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I'm playing with manual syscalls in assembly. I was able to make it launch properly before, but after removing the nulls I'm not able to get the syscall to execute /bin/date. Here is the code I wrote in AT&T syntax.

.global main
main:
    jmp     two

one:
    # zero rax and rdx
    xor     %rax,%rax 
    mov     %rax,%rdx

    # save string location
    mov     (%rsp),%rbx

    # push argv array onto the stack
    add     $16, %rsp
    push    %rax
    push    %rbx
    # assign argv pointer
    mov     %rsp,%rcx

    # execve call
    mov     $0xb, %al 
    int     $0x80

    # exit on failure
    xor     %rax,%rax
    xor     %rbx,%rbx
    movb    $0x1,%al
    int     $0x80

two:
    # get address of the string
    call    one
    .string "/bin/date"

If I'm right, %rbx should point directly to the string which names the program to launch. %rcx should point to a null-terminated array of pointers representing the program's argv, and %rdx would point to the environment, so I've left it null here. And, of course, %rax holds the syscall number (0x0b in this case).

(gdb) info registers 
rax            0xb  11
rbx            0x4000a0 4194464
rcx            0x7fffffffe968   140737488349544
rdx            0x0  0

(gdb) x/s $rbx
0x4000a0:    "/bin/date"

(gdb) x/s *$rcx
0x4000a0:    "/bin/date"

Despite this, the syscall doesn't execute the program, and returns -14, which translates to EFAULT (segfault). I'm not sure what I'm overlooking, any help would be appreciated.


So, a perceptive reader might have noticed that the above code is using 32bit syscall conventions (using %ebx, int $0x80 and friends) on a 64bit system. This was an error, as the 32bit convention is supported only to enable executing 32bit code. In code written for 64bit systems, syscalls use %rdi,%rsi, %rdx, %r10, %r8 and %r9 as well as the syscall instruction. Here is the corrected code for 64bit systems (nullfree):

.global main
main:
    jmp     two

one:
    # zero rax and rdx
    xor     %rax,%rax 
    mov     %rax,%rdx

    # save string location, note that %rdi is used instead of %rbx
    pop     %rdi

    # push argv array onto the stack
    add     $16, %rsp
    push    %rax
    push    %rdi
    # assign argv pointer, using %rsi instead of %rcx
    mov     %rsp,%rsi

    # execve call, note that the syscall number is different than in 32bit
    mov     $0x3b, %al 
    syscall

two:
    # get address of the string
    call    one
    .string "/bin/date"

However, the 32bit syscall convention is supported on 64bit systems (hence 32bit executables can be run), and I have also successfully execved other commands using the 32bit call convention on this system. In fact, a large majority of the "shellcode" I examined for x86_64 systems used the 32bit conventions. So, my question still stands: why didn't the 32bit calling conventions work in the above code?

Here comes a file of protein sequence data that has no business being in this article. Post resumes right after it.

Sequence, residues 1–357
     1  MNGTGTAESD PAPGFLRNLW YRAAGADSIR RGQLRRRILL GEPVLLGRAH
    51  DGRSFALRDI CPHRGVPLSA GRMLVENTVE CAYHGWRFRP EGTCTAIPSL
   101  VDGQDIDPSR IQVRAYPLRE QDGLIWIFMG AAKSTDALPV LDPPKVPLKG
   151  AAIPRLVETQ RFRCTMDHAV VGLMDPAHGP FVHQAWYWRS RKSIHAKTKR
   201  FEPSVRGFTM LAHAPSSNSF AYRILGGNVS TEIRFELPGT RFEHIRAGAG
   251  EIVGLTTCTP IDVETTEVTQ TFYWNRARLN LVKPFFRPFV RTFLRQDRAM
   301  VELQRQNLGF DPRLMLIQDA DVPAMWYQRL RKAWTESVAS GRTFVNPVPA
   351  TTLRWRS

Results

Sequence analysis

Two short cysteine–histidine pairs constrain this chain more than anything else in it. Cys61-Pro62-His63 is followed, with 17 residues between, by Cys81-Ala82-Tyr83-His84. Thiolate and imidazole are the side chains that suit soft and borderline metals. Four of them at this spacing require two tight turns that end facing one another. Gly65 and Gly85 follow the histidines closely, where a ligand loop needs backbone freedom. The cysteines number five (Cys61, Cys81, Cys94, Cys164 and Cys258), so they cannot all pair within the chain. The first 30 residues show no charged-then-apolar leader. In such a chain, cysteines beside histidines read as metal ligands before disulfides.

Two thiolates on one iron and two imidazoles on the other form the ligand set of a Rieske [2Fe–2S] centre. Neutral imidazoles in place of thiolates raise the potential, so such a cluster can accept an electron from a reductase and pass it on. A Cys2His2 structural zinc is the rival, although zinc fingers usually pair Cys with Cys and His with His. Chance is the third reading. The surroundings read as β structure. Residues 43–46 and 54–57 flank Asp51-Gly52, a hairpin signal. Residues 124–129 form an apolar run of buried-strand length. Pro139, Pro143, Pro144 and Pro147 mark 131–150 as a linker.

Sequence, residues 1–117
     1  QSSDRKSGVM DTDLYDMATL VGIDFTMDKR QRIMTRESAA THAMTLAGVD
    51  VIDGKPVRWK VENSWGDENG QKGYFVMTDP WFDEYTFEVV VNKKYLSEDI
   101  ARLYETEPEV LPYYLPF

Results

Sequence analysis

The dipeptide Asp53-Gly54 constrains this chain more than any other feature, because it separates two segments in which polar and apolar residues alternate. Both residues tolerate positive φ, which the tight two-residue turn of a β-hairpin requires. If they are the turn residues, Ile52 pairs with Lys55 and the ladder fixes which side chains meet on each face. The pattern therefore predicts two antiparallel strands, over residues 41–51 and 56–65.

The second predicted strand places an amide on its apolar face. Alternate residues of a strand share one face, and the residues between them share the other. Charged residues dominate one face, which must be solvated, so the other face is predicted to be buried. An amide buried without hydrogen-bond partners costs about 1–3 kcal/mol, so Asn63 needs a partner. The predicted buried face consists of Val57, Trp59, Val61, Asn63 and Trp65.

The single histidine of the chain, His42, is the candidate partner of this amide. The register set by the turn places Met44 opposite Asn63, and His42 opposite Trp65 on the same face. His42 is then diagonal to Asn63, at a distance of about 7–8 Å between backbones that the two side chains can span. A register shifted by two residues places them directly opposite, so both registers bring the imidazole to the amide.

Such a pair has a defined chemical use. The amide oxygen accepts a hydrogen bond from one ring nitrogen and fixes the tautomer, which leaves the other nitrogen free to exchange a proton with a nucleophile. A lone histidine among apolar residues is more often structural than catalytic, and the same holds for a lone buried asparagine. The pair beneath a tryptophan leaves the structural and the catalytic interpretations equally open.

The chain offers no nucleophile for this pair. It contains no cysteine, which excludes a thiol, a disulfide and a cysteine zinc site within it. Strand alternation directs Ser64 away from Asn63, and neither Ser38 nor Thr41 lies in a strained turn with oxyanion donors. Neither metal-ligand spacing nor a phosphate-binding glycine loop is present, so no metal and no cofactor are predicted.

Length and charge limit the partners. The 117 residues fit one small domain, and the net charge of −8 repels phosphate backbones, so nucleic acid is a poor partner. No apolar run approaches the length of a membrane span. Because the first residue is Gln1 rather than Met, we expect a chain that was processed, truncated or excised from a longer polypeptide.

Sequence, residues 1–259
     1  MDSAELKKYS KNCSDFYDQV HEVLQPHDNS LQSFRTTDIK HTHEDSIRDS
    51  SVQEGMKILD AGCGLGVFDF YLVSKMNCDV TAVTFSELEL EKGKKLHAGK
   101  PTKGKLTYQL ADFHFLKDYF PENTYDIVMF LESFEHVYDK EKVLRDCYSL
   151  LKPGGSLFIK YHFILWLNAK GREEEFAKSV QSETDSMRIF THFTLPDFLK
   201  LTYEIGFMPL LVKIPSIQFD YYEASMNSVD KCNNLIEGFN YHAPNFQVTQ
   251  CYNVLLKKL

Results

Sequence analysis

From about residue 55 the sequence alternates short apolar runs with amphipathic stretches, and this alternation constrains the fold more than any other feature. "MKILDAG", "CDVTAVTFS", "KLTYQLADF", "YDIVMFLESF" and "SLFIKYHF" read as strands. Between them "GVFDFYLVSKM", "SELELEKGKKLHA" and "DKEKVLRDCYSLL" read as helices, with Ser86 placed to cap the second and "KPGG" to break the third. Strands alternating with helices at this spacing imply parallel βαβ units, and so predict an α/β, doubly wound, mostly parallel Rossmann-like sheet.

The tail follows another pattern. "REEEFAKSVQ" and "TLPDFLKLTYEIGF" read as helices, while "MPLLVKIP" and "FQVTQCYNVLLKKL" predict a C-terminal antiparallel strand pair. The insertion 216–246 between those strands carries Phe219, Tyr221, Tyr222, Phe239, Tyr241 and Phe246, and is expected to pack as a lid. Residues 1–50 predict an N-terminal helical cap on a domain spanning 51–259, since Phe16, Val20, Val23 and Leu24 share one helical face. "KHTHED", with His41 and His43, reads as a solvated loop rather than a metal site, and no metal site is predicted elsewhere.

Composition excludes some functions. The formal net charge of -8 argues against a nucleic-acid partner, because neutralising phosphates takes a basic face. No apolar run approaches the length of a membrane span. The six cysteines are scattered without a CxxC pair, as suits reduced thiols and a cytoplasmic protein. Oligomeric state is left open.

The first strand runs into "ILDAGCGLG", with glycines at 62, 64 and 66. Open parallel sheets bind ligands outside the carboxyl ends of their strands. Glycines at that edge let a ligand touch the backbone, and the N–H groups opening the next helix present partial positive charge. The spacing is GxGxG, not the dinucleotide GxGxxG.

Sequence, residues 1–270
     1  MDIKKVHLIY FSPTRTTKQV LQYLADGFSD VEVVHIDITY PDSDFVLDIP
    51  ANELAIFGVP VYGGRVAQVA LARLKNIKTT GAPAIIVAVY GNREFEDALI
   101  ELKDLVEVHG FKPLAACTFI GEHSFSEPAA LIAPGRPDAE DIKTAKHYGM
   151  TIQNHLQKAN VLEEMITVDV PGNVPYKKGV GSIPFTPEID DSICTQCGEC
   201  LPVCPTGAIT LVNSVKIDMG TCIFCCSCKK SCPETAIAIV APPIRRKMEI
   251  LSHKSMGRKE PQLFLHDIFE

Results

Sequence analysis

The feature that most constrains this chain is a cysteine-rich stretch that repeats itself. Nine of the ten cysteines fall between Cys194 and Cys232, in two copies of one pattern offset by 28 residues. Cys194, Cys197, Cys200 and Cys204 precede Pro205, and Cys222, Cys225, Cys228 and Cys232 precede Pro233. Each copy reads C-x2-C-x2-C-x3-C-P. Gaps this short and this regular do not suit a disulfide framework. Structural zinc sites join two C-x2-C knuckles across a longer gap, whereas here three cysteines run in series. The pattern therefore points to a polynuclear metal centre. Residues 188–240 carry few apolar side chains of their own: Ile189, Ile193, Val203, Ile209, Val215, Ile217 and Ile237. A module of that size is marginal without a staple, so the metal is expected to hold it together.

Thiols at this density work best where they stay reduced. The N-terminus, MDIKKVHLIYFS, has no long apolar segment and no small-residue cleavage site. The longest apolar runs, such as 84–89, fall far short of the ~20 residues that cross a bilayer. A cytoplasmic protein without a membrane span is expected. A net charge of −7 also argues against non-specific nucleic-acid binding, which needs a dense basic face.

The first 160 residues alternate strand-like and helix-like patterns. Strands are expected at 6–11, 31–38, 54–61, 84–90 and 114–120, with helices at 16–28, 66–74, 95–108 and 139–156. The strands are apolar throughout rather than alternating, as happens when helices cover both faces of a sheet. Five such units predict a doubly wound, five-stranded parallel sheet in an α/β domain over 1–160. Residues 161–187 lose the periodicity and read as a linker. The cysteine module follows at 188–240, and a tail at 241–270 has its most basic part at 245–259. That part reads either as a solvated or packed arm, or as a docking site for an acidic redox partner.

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1 Answer

The execve() call has prototype

int execve(const char *filename,
           char *const argv[],
           char *const envp[]);

Note that NULL pointers are not usually passed, but if the envp[] array is to be empty, you should pass a pointer to a NULL which serves as the end of environment variables. Likewise, argv[] cannot be a NULL pointer. It must contain, at a minimum, argv[0] which is the program name. It is usually sufficient to place filename as the first element. To be perfectly conforming to what the shell does, strip the path and pass only the last component as argv[0] (date in your example).

The equivalent C code for your example is:

char *filename = "/bin/date";
char *argv [2] = {filename, NULL};
char *envp [1] = {NULL};

execve (filename, argv, envp);

Maybe I'm missing it, but it looks like you are doing the equivalent of (both 32 and 64 bit)

char *filename = "/bin/date";

execve (filename, NULL);   // note missing third parameter, and malformed argv[]

I don't understand your stack manipulation. It should be sufficient to push, push, push, syscall. I am confused why you directly manipulate the stack pointer.

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As far as I can tell, argv (or rcx in the 32bit code) points to an array of char* (note the gdb output after the code). I manipulate the stack pointer to keep from clobbering the /bin/date string (which is pointed to by rsp after the jmp/call trickery). I am almost certainly overlooking something though; I'll look over it more in the morning. –  bkconrad Jun 13 '12 at 6:21
    
@bkconrad: good enough. I am tired as well and will look more carefully at it in 9 hours. –  wallyk Jun 13 '12 at 6:23
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